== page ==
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Monday, February 6, 2012

To Pseudonym Or Not To Pseudonym

New writers often spend countless hours questioning whether or not to use a pseudonym. The real answer? It depends.

When I first started writing in nineteen-mumble, mumble, I followed the advice of the legendary Marion Zimmer Bradley. Ms. Bradley espoused that a writer should be proud enough of his/her writing to put their own name on the piece.

For the most part, her words ring with a certain truth. But sometimes a pseudonym is necessary. Here are some reasons you might use a pseudonym:

1) If you trad-publish and your first book tanks, your agent or editor will strongly suggest a pseudonym because of the association of your name with poor sales. (No examples on this one because I think it's rude to embarrass someone publicly.)

2) You have a career that you don't want to give up. Some folks use a pseudonym to differentiate between the public personas. Paranormal erotica author Sunny happens to be a pediatrician.

3) You write a genre or in a style that would be frowned upon at best by those in your other career, your family or your ex-spouse. Writing erotica when you're a teacher can land you in an ocean of hot water. Ellora's Cave author Judy Mays is a prime example. (Though to be fair, one woman outed Judy out of spite after Judy had disciplined the woman's son for failing to turn in his homework. Turns out, pretty much the entire town knew about Judy's second job and supported her as one of the best teachers in the district.)

4) You may want to use different names for the different genres you write just so fans know to expect a different type of story. Christie Craig writes hot, humorous romantic suspense under her own name, but writes paranormal YA under the nome de plume of C.C. Hunter.

5) If you have a really unusual name that would detract from your writing, you might want to use a pseudonym. How seriously would you take a book written by Ima Hogg? (Yes, she was a real person. In fact, she was a very prominent citizen in Houston's history.)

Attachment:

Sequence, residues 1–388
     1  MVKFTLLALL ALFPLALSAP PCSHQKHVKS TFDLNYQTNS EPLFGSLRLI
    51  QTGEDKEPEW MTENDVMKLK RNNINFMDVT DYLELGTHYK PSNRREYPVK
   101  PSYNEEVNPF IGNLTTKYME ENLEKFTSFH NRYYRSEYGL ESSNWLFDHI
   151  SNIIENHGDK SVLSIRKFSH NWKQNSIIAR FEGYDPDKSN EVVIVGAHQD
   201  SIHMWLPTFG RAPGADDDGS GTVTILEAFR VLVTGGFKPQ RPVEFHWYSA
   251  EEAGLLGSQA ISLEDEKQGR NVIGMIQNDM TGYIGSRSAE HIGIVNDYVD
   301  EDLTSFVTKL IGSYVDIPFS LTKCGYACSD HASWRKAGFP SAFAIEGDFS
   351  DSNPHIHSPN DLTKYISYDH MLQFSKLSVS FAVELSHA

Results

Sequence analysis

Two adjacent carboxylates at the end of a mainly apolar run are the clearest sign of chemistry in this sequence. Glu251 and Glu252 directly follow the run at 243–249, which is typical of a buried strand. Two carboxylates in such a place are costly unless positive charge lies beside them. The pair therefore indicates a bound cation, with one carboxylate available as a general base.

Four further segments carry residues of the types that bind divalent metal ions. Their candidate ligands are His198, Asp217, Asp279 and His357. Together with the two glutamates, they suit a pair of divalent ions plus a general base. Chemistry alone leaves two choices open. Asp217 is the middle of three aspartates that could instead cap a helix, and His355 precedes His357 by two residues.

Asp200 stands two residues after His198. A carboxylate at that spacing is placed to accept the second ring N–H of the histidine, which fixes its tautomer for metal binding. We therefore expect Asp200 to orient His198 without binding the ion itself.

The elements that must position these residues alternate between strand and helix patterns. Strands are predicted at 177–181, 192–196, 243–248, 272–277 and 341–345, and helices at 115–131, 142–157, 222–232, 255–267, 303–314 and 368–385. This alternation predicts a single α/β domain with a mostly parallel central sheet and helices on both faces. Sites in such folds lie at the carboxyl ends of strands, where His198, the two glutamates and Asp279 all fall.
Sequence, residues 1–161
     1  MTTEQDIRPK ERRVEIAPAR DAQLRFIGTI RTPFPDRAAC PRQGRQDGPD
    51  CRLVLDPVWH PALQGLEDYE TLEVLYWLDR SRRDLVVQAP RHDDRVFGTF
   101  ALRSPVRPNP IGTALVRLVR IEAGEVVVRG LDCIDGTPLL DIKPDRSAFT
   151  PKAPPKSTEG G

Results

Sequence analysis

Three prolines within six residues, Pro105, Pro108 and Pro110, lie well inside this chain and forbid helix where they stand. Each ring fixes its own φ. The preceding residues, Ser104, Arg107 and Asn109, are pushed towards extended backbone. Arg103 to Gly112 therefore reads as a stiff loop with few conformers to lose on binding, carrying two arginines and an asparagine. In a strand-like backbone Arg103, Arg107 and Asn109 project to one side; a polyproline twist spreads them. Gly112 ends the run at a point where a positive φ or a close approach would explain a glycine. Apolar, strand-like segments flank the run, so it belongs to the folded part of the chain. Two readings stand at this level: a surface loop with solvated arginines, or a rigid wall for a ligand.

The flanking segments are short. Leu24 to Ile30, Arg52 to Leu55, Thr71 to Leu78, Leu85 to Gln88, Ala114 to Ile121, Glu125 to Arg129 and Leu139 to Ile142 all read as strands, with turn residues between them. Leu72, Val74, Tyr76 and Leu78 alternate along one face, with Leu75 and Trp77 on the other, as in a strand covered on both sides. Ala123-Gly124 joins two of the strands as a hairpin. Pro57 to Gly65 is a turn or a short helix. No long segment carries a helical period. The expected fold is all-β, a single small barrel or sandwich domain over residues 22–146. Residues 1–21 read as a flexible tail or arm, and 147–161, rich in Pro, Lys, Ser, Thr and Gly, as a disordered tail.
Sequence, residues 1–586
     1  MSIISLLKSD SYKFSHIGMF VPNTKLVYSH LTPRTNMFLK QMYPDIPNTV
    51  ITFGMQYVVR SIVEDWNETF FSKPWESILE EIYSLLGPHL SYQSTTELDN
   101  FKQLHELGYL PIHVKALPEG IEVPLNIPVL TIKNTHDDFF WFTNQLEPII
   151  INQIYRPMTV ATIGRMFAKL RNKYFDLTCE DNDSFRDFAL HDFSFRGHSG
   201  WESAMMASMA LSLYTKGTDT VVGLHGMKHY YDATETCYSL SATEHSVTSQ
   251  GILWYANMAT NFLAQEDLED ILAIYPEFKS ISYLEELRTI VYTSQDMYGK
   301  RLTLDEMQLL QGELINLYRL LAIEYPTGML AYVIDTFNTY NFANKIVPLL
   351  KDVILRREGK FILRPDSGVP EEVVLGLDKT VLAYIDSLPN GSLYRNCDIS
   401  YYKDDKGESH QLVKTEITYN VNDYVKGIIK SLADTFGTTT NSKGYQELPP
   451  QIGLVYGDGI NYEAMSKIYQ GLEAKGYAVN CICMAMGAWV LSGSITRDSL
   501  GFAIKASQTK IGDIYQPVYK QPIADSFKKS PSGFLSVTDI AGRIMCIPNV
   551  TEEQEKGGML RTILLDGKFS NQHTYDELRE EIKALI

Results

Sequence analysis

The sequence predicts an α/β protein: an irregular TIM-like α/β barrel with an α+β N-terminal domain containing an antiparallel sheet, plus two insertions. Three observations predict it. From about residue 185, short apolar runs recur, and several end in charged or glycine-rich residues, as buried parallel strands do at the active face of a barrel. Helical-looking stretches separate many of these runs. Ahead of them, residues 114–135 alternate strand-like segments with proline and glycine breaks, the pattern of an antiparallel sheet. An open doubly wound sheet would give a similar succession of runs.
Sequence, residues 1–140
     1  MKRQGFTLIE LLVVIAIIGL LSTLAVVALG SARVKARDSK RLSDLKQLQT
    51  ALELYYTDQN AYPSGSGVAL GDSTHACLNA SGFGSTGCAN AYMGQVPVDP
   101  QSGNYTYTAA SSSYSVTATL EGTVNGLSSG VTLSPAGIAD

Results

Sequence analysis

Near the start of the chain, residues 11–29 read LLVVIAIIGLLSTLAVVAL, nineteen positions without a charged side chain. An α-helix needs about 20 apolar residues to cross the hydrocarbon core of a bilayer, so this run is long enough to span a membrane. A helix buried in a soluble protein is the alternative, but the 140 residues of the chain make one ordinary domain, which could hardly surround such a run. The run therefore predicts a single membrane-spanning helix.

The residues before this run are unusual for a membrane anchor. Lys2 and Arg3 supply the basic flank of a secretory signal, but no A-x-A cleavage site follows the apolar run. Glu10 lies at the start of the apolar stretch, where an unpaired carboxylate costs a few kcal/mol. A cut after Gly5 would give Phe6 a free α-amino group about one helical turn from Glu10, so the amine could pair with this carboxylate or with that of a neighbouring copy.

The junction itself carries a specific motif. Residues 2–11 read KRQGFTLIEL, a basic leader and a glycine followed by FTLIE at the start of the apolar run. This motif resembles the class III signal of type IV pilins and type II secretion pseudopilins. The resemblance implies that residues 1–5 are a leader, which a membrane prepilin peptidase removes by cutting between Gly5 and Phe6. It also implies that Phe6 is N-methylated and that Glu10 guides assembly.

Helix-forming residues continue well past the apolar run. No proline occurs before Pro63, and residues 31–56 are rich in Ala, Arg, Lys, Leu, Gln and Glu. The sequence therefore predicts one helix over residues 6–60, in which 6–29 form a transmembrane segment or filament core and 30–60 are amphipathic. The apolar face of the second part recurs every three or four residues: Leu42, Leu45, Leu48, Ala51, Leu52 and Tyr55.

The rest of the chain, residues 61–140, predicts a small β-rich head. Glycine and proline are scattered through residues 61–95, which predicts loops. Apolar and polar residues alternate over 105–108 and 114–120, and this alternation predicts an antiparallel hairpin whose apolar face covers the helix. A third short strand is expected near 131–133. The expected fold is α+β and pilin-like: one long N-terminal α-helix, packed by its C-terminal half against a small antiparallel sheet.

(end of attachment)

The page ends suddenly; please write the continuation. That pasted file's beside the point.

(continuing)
6) On the other hand, if your legal name is Stephen King, you might want to use a pseudonym to separate yourself from that other Stephen guy who writes those weird horror books.

7) Then there's Dean Wesley Smith's suggestion that if you're uncomfortable about whether a book will sell, put it out under a pseudonym and see what happens.

One question I hear a lot is whether you need to register a pseudonym. NO, YOU DON'T!. Your publisher or retailer may need your real name and information in order to process 1099's at the end of the year. Other than that, no one has to know your pseudonym unless you tell them.

Would I write under a pseudonym? I already do in another genre for a couple of the reasons I listed above. People can find out my pseudonym if they really search, so it's not like it's a national security breach.

But which ever way you go, your real name or a fake name, make sure you wrote a good story first.


3 comments:

  1. I have a pen name, but only because I felt Grillo didn't bring to the table the same thing St. John would...plus...John is my husband's name...and he's my saint! But all my friends and family know about my writing and my pen name. It's not a secret.

    I did not know you had a pen name!!!

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  2. @Tess-when your first or last name doesn't have quite the ring you want, then yes, it's a good idea to come up with something different.

    And nothing personal, but only three people know my pseudonym.

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  3. I didn't take it personal, dear...I was just trying to prove that they work! LOL.

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